Caren Thayer, Data Analysis Coordinator with the Social Services division of the City of Peterborough presented on the Early Development Instrument (EDI) as a tool to assess the early childhood environment in our communities. The EDI is a teacher-completed survey that measures students’ readiness to learn in school in five domains: physical health and well-being, social competence, emotional maturity, language and cognitive development, and communication skills and general knowledge. It is not a diagnostic tool to evaluate individual students’ performance; it is instead a tool to help inform planning, inspire small changes for large numbers of children, and create better population-wide outcomes. The EDI is an internationally-recognized tool completed across Ontario every three years by the Ministry of Education and other partners. The first six years of children’s lives are very important in preparing them for future success. Research shows that vulnerability in the early years can lead to academic failure, poverty, mental health issues, behavioural problems, criminality, obesity, and a multitude of other poor health outcomes. The latest report (September 2017) represents 1,200 kindergarten students from the County and City of Peterborough. Results on the EDI are mapped out according to the child’s address. The report found that 35.3% of Peterborough children start school vulnerable in one or more areas that are critical to their healthy development, and that local vulnerability is increasing over time. The Ministry of Education is conducting an “Early Years Experiences” survey for Kindergarten students in both boards of education to help understand the root causes of these vulnerabilities. Ms. Thayer noted that getting children outdoors helps improve every single domain. Please see pages 6-24 of the May 9, 2018 Board of Health meeting package for more information about this report.

Ontario Public Health Standards – New Healthy Growth & Development and School Health Standards

Program Managers Hallie Atter and Patti Fitzgerald provided an overview of these two modernized standards introduced by the Ministry of Health and Long Term Care (MOHLTC) on January 1, 2018. There are new requirements in these standards, such as vision screening and numerous topic areas for consideration based on community need like concussion prevention, mental health promotion, etc. In addition to these new areas, work will continue in the domains of reproductive health, Healthy Babies Healthy Children, sexual health, and oral health. Planning is underway to strategically develop public health interventions that strive to achieve enhanced and equitable health outcomes. Each program will be based on evidence, carefully monitored and delivered using best practices by various teams.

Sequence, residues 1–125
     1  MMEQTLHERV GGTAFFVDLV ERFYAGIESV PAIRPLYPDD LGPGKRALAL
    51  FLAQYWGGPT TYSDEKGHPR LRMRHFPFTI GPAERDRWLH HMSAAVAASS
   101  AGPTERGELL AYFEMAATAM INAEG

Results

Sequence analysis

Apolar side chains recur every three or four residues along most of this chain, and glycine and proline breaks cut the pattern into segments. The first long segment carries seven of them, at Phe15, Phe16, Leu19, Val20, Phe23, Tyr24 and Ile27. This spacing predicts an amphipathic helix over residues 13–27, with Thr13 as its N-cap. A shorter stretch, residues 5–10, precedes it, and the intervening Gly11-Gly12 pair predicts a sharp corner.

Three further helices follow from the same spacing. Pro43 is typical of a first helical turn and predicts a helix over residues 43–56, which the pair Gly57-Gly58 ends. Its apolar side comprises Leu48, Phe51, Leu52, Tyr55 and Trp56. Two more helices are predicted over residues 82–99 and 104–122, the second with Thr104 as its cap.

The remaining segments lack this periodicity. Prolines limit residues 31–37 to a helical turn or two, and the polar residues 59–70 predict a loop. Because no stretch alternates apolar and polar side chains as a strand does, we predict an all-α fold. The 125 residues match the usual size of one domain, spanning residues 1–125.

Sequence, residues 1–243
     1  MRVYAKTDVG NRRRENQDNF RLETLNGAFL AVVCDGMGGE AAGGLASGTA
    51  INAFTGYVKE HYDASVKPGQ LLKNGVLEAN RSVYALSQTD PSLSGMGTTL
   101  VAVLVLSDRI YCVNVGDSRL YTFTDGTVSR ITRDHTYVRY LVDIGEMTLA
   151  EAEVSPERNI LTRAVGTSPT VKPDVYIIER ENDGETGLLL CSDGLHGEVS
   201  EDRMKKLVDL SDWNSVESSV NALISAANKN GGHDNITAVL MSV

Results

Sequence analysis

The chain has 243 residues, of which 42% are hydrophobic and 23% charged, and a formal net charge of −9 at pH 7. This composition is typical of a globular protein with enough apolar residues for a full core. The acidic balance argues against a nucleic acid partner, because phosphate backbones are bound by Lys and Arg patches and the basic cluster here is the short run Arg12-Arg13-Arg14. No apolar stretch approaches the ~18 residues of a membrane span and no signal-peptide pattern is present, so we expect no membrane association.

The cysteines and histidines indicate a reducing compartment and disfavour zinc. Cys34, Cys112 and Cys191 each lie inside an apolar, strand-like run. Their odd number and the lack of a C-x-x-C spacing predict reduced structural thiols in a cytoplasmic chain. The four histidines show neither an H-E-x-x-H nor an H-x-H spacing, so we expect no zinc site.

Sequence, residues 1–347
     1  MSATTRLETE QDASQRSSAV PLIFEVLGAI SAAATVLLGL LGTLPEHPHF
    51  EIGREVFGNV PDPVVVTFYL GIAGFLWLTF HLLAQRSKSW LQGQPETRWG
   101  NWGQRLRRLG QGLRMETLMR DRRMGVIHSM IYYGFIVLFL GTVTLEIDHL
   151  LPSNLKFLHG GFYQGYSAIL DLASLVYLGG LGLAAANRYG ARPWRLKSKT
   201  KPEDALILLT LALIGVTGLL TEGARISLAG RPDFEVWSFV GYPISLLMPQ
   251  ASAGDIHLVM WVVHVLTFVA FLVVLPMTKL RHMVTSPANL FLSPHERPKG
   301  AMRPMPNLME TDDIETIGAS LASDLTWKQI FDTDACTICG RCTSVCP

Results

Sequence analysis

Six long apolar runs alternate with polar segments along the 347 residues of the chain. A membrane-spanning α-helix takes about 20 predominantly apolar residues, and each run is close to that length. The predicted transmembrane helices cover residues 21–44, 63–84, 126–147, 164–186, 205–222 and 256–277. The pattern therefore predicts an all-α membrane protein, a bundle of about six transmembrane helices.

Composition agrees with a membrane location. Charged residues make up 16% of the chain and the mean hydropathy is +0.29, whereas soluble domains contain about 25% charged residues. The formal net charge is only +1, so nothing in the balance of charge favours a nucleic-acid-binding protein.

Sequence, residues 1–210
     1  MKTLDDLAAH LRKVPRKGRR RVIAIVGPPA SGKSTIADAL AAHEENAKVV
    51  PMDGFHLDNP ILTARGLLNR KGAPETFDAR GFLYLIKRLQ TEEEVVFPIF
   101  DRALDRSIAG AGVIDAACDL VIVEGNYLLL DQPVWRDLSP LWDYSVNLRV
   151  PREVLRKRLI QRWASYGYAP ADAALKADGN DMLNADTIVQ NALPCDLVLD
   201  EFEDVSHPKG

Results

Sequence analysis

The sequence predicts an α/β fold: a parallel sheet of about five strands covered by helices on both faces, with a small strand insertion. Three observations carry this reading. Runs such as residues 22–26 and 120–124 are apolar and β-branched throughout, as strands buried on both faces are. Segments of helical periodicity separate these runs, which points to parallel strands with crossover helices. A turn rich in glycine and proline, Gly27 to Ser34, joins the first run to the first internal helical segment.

2018 Budget Update

Larry Stinson, Director of Operations reported to the Board that MOHLTC approval was received on May 8 for the 2018 budget. The approval included a 2% increase in the cost-shared portion of the budget, amounting to an increased provincial contribution of $115,900. The Board gave direction to staff to seek the local share from the City of Peterborough, County of Peterborough, Curve Lake First Nation and Hiawatha First Nation. With the local contribution, the total increase over the 2017 budget will be $154,420. The Board was also informed about 100% MOHLTC one-time funding totalling $98,300 for four projects.

The Board approved the recommendation from the Stewardship Committee that the Board direct staff to approach local funding partners with planned increases in funding for the 2019-2021 fiscal years. This increase is required to shift the local/provincial cost-funding formula from 25%/75% to 30%/70% respectively as one component of a three-prong strategy to achieve sustainable funding and service levels if provincial funding continues to fall short of the actual projected requirements. The other two components of the strategy include a focus on ensuring that annual provincial grants for both cost-shared and 100% provincially-funded programs continue to keep pace with the true costs and the judicious use of existing reserves to offset shortfalls.

Board of Health 130th Anniversary Planning

The Board discussed how honouring its 130th anniversary could support broader strategic planning efforts and raise the profile of local public health’s role in protecting the health of the community. On February 18, 1889 the Town of Peterborough passed a by-law creating the Board of Health for the community. There are records of Board of Health meetings taking place in the City of Peterborough dating back to 1891. Next year, February 18, 2019 will mark the 130th anniversary. Celebrating the 130th anniversary of the Board of Health will provide an opportunity to raise the profile of the Board and showcase its history of service to local communities and the contributions of the various public health disciplines. It could be used as a theme during the year, emphasizing the longevity and local flavour of public health practice. Finally, it could help strengthen the Board’s argument for increased and sustainable provincial and municipal funding for local public health. This was approved by the Board.